The origins of extreme political polarization, and who is responsible

A few days ago Tim Jones posted a short but helpful article about what has taken place politically in recent decades — its opening is excerpted below. Of course you know what’s coming next from me: had conservatives been fighting in the information war during these past few decades — through the schools, pop culture, and the media — the left would not have been so successful.

Shattered Consensus: The Rise and Decline of America’s Postwar Political Order by James Pierson may be one of the best books ever written on American political history. It traces the evolution of both political parties from the aftermath of World War I to the present. What is especially interesting is how, following the death of John F. Kennedy, the Democratic Party turned away from traditional liberalism, when Democrats still believed in American exceptionalism. JFK would have been considered a raging conservative today, as he believed in lower taxes, a strong national defense, and the pre-eminence of the United States’ place in the world as a force for good.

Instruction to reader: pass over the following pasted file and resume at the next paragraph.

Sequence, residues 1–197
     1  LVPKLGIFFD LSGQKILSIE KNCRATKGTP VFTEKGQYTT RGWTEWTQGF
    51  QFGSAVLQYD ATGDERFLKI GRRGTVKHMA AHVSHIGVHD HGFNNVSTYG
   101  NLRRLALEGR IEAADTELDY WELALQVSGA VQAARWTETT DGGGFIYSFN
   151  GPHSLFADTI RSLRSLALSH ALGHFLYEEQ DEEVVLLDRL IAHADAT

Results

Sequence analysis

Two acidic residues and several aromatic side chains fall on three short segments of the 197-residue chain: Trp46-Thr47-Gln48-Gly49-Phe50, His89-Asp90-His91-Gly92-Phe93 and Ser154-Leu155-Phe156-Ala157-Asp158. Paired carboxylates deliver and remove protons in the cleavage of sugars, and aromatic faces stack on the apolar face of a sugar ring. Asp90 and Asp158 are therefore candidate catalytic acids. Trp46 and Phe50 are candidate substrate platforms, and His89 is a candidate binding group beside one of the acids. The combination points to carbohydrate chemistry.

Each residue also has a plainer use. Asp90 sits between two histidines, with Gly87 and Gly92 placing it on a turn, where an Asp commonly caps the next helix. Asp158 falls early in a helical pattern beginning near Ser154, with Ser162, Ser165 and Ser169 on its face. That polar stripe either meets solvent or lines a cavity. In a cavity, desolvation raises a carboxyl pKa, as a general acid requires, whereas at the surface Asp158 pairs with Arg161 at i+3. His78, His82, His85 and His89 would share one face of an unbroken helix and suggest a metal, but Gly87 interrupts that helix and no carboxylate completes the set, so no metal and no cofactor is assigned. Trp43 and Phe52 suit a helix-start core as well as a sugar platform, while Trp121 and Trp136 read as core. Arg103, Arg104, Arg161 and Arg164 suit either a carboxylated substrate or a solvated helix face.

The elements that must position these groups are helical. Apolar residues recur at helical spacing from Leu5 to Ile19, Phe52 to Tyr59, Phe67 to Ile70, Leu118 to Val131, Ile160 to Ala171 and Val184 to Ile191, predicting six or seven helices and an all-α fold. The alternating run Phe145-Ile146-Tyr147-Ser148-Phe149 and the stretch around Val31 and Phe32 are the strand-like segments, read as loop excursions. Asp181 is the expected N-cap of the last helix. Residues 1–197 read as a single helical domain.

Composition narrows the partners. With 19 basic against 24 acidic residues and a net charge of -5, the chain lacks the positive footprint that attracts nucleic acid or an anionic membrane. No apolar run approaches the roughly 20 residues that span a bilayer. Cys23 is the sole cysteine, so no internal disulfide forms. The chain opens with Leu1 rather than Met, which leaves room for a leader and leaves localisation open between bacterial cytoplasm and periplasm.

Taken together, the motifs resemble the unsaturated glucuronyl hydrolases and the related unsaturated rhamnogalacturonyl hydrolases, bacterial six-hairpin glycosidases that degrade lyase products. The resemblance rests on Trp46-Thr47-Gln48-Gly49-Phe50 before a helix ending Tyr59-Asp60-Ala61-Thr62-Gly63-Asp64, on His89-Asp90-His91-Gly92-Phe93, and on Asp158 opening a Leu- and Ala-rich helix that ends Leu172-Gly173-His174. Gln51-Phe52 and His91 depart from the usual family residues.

Liberalism is no longer merely a philosophy of government, as it was during the Progressive Era, but rather an integral part of modern government itself, which is why it cannot be killed by its policy failures, lost arguments, or even lost elections.

Democrats believed back then that progress (“the Progressive Era”) was meant for everyone to get ahead in life through hard work within the American capitalistic system. They also believed, as did the Republicans, in social safety nets just for the very poor. Kennedy, however, was initially ambivalent about Civil Rights legislation (that actually began being promoted by his predecessor Eisenhower, a Republican) but opened up to it out of political pressure and expediency.

Read more: American Thinker